Abstract BackgroundRadioresistance is regarded as the main cause of local recurrence and distant metastasis in lung cancer. However, the underlying mechanisms of radioresistance remain incompletely understood. This study investigates the roles and regulatory mechanisms of arginine methyltransferase PRMT5 in lung cancer radioresistance.MethodsImmunoprecipitation assay and GST pulldown were used to detect the protein-protein interaction. The methylation of Mxi1 was determined by in vivo and in vitro arginine methylation assays. In vivo ubiquitination and CHX chase assays were performed to examine the stability of Mxi1. The biological effects of PRMT5 and its specific inhibitor EPZ015666 in lung cancer were evaluated both in vitro and in vivo.ResultsWe show that the arginine methyltransferase PRMT5 interacts with and methylates Mxi1, which promotes the binding of the β-Trcp ligase to Mxi1, facilitating the ubiquitination and degradation of Mxi1 in lung cancer. Furthermore, genetic blockade of PRMT5 impairs DNA damage repair and enhances lung cancer radiosensitivity in vitro and in vivo, and these phenotypes are partially reversed by Mxi1 silencing. More importantly, pharmacological inhibition of PRMT5 with the specific inhibitor EPZ015666 leads to extraordinary radiosensitization in vitro and in vivo in lung cancer.ConclusionsOur data indicate that PRMT5 methylates and destabilizes Mxi1 to confer radioresistance, suggesting that PRMT5 may be a promising radiosensitization target in lung cancer.

2021 ◽  
Vol 22 (22) ◽  
pp. 12209
Bingyuan Wang ◽  
Mingrui Zhang ◽  
Jiankang Guo ◽  
Zhiguo Liu ◽  
Rong Zhou ◽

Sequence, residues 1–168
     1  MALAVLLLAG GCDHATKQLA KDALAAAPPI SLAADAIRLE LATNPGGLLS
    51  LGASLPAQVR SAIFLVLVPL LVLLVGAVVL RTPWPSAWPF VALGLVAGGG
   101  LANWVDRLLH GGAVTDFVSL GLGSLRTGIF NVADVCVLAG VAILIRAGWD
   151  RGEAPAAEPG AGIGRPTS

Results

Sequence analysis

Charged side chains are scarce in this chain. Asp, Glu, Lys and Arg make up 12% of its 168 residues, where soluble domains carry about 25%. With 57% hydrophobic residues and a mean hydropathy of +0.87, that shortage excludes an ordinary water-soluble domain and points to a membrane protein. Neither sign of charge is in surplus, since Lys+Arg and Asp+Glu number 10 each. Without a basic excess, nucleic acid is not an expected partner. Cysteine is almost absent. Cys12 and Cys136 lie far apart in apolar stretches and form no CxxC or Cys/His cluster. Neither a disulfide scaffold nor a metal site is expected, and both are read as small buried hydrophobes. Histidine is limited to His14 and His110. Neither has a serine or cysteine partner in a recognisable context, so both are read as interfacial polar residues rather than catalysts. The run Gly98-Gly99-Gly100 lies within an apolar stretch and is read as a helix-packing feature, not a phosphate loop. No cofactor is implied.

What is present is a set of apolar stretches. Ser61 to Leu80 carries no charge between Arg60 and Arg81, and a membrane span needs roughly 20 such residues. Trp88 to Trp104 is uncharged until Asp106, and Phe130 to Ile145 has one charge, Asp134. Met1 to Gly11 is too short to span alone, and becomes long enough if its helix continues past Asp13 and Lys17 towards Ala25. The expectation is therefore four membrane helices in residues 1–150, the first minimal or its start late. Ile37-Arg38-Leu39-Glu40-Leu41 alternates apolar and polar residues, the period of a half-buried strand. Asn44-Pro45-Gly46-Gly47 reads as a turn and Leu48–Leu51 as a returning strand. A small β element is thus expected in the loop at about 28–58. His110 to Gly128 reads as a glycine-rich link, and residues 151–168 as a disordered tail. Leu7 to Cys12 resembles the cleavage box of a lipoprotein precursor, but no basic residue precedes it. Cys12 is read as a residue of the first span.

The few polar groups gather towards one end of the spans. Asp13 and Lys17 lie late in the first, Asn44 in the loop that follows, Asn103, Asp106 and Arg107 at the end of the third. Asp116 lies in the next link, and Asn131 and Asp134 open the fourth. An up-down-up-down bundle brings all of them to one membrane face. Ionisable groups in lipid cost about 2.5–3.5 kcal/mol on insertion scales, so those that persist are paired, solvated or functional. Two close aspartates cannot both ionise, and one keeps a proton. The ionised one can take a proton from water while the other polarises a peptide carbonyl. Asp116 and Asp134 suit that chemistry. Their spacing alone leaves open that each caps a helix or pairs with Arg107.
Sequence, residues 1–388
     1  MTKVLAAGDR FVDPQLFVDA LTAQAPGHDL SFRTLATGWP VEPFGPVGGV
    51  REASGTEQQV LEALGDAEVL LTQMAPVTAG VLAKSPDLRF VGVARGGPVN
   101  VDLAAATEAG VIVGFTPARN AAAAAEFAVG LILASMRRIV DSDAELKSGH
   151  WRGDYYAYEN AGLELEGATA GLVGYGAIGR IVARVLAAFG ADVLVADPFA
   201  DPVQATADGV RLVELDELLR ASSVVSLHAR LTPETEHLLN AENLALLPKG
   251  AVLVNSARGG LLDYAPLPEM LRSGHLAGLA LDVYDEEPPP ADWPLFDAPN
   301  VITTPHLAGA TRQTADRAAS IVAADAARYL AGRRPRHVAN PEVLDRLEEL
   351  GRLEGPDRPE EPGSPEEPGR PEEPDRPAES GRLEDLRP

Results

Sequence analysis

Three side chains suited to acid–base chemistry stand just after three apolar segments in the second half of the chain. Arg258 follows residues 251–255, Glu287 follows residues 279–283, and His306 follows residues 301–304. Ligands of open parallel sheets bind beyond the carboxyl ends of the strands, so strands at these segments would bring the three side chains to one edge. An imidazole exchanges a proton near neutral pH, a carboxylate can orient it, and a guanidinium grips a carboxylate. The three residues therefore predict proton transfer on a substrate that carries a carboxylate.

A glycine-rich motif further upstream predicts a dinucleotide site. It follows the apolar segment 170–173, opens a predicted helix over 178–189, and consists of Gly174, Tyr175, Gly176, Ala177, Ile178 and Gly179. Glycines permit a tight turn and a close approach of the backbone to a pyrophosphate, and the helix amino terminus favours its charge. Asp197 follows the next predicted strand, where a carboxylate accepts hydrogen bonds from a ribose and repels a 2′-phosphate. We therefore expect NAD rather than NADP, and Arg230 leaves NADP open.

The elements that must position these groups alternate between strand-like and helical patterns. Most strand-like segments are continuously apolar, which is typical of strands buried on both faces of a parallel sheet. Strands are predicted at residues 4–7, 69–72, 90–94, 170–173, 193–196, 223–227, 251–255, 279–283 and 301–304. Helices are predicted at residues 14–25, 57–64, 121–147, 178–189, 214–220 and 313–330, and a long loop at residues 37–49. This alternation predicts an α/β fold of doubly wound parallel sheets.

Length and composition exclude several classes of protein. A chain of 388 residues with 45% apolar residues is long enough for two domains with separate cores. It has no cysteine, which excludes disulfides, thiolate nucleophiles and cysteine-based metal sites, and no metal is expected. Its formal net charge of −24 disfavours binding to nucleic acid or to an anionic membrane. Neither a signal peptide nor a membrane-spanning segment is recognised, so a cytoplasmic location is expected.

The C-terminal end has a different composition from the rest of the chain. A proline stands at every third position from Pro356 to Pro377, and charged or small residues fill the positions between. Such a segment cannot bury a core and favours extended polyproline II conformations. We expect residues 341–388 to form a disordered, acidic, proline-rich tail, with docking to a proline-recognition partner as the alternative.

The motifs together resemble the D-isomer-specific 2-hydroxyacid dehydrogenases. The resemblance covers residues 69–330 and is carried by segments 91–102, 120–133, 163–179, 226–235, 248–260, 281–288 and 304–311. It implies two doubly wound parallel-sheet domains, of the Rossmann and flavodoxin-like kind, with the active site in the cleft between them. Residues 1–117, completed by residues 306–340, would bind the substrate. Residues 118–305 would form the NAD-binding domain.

Apigenin, a common dietary flavonoid abundantly present in a variety of fruits and vegetables, has promising anticancer properties. As an effector of apigenin in myoblasts, protein arginine methyltransferase 7 (Prmt7) is required for male germ cell development. However, whether apigenin may influence male reproductive health through Prmt7 is still unclear. To this end, mouse spermatogonia were treated with different concentrations (2.5 to 50 μM) of apigenin for 48 h, which showed that apigenin could cause reduced cell proliferation in conjunction with longer S phase and G2/M phase (with concentrations of 10 and 20 μM, respectively), and increased apoptosis of spermatogonia (with concentration of 20 μM). Reduced Prmt7 expression was found in 20 μM apigenin-treated spermatogonia. Moreover, siRNA-induced Prmt7 knockdown exhibited similar influence on spermatogonia as that of apigenin treatment. In mechanistic terms, transcriptome analysis revealed 287 differentially expressed genes between Prmt7-downregulated and control spermatogonia. Furthermore, rescue experiments suggested that the effects of apigenin on spermatogonia might be mediated through the Prmt7/Akt3 pathway. Overall, our study supports that apigenin can interfere with mouse spermatogonial proliferation by way of the downregulated Prmt7/Akt3 pathway, which demonstrates that the concentration should be taken into account in future applications of apigenin for cancer therapy of men.